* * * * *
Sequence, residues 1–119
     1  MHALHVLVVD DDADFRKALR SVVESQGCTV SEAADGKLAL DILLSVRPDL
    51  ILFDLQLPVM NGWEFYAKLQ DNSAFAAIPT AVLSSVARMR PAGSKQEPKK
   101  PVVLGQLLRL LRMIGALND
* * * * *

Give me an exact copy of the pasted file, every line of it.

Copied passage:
Sequence, residues 1–119
     1  MHALHVLVVD DDADFRKALR SVVESQGCTV SEAADGKLAL DILLSVRPDL
    51  ILFDLQLPVM NGWEFYAKLQ DNSAFAAIPT AVLSSVARMR PAGSKQEPKK
   101  PVVLGQLLRL LRMIGALND